Fri, Jul 13, 2012 - Page 15 News List

S Korea lowers key policy rate

AP, SEOUL

South Korea’s central bank unexpectedly lowered its key interest rate yesterday, urgently attempting to guard Asia’s fourth-largest economy against Europe’s persistent debt woes and slowing growth in China. The Bank of Korea said its seven policymakers cut the benchmark seven-day repurchase rate by a quarter of a percentage point to 3 percent. The decision mirrors similar moves by policymakers in Europe and China to stave off a recession, but surprised most market watchers, who forecast a rate freeze.

“We expect the rate cut will help the South Korean economy return to a long-term growth trend,” Bank of Korea Governor Kim Choong-soo said.

Without lowering borrowing costs, that would boost spending among businesses and consumers, policymakers believed the South Korean economy would likely underperform, Kim added.

The central bank said some economic indicators in the US have shown signs of deterioration and the sluggishness of economic activities in the eurozone has deepened. Economic growth in South Korea will be weaker than previously expected as exports and domestic demand, two key growth engines, both remain at low levels.

“Going forward, the committee expects the pace of global economic recovery to be more moderate than originally forecast, and judges the downside risks to growth to be intensifying further,” the monetary policy committee said in a statement.

South Korea joins other central banks in monetary easing. Last week, the European Central Bank cut its key interest rate by a quarter of a percentage point to a record low in an effort to boost its sagging economy. China’s central bank also lowered its key interest rate for a second time in a month.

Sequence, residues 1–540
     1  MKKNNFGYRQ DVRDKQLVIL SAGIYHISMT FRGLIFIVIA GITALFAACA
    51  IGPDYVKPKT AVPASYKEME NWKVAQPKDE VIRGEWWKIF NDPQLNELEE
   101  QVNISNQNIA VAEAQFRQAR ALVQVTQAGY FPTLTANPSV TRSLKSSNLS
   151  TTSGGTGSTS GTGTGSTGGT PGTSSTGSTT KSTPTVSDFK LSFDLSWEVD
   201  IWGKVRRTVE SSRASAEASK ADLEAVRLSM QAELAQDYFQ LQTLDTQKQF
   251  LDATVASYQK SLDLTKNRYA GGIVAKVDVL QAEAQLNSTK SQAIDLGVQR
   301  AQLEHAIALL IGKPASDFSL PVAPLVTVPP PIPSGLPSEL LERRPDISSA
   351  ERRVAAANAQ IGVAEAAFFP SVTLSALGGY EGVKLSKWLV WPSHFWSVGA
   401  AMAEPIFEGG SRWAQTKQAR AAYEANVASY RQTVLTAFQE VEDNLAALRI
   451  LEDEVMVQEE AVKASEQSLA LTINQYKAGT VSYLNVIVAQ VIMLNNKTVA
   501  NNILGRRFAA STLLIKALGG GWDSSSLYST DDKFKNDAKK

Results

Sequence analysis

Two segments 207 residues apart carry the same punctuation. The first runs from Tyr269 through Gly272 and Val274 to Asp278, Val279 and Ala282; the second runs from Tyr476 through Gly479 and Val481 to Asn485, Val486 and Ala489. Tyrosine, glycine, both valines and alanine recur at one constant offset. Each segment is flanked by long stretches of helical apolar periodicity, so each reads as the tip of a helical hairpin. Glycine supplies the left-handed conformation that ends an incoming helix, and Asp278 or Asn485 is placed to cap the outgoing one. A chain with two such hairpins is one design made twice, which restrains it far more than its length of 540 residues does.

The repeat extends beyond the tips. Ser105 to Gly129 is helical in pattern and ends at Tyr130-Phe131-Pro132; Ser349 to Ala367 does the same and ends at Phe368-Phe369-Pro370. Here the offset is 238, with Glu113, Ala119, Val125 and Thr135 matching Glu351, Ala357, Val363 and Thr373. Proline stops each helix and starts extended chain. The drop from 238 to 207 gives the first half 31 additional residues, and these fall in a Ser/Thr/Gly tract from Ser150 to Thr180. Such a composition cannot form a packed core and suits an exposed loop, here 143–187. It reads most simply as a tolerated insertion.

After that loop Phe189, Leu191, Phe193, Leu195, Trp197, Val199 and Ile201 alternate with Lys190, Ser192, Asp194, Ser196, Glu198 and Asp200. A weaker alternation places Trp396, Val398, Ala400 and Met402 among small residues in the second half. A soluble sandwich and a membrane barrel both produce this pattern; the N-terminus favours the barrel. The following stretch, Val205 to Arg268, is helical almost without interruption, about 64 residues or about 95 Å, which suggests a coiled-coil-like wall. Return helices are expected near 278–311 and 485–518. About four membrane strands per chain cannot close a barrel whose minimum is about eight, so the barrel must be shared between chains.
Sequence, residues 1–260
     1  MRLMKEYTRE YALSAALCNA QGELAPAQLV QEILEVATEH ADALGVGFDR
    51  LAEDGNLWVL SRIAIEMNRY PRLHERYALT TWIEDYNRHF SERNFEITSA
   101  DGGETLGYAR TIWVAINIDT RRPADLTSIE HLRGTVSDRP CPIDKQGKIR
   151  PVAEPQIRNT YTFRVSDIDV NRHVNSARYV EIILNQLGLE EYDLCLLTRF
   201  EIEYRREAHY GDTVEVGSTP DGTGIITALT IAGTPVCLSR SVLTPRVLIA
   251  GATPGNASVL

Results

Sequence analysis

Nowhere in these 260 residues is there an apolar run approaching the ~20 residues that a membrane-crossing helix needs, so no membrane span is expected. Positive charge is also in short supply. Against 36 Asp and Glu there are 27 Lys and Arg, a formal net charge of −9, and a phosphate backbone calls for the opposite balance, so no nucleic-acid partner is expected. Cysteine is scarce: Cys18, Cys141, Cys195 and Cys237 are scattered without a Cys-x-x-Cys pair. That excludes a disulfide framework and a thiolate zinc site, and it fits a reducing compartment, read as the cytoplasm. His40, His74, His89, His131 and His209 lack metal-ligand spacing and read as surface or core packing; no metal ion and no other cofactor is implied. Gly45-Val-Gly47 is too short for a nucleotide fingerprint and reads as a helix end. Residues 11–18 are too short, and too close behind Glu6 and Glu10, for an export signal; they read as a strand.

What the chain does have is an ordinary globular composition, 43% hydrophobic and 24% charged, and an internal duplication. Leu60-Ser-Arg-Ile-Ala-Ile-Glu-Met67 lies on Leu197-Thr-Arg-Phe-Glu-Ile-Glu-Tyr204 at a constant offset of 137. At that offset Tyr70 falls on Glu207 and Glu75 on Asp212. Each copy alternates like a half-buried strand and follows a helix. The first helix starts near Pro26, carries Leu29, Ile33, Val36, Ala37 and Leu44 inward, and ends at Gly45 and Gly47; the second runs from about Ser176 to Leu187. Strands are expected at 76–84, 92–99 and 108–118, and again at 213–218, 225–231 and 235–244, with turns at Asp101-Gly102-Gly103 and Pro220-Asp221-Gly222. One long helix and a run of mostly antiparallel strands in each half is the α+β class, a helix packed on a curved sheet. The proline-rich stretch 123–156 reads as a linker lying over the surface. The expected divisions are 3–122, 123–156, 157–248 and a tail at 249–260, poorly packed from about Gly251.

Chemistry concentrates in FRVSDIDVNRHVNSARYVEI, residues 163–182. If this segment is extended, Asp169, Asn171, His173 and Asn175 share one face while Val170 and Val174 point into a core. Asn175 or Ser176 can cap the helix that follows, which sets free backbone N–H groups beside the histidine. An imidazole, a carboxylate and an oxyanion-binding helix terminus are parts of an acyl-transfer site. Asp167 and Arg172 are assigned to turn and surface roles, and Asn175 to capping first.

South Korea’s electronics and automakers are bracing for weak demand overseas for the rest of the year. Samsung Electronics Co, the world’s largest maker of televisions, mobile phones and memory chips, reported last week that its second-quarter sales fell short of market expectations. South Korea’ finance ministry said last month that it expected the economy to expand 3.3 percent this year from last year, below an earlier forecast of 3.7 percent.

Market analysts said the Bank of Korea was likely to further ease its monetary policy ahead of December presidential elections because its focus now seems to have moved to growth over price stability.

“The governor said lower interest rates will ease burden from household debts. He also said the country’s output growth was expected to stay below its potential for a while,” Daewoo Securities analyst Yoon Yeo-sam said. “So there is an increased chance of additional rate cut.”

This month’s rate cut was South Korea’s first since February 2009, when the central bank lowered its policy rate by 50 basis points to a record low of 2 percent in the wake of global financial turmoil. The bank raised key interest rates in five steps between July 2010 and June last year to 3.25 percent, as low borrowing costs built up inflationary pressure. The central bank had refrained from raising its policy rate for more than a year because worries about global economic uncertainty re-emerged with escalating public debts in Europe. However, stubbornly high inflationary pressure left little room to stimulate the economy through monetary easing.

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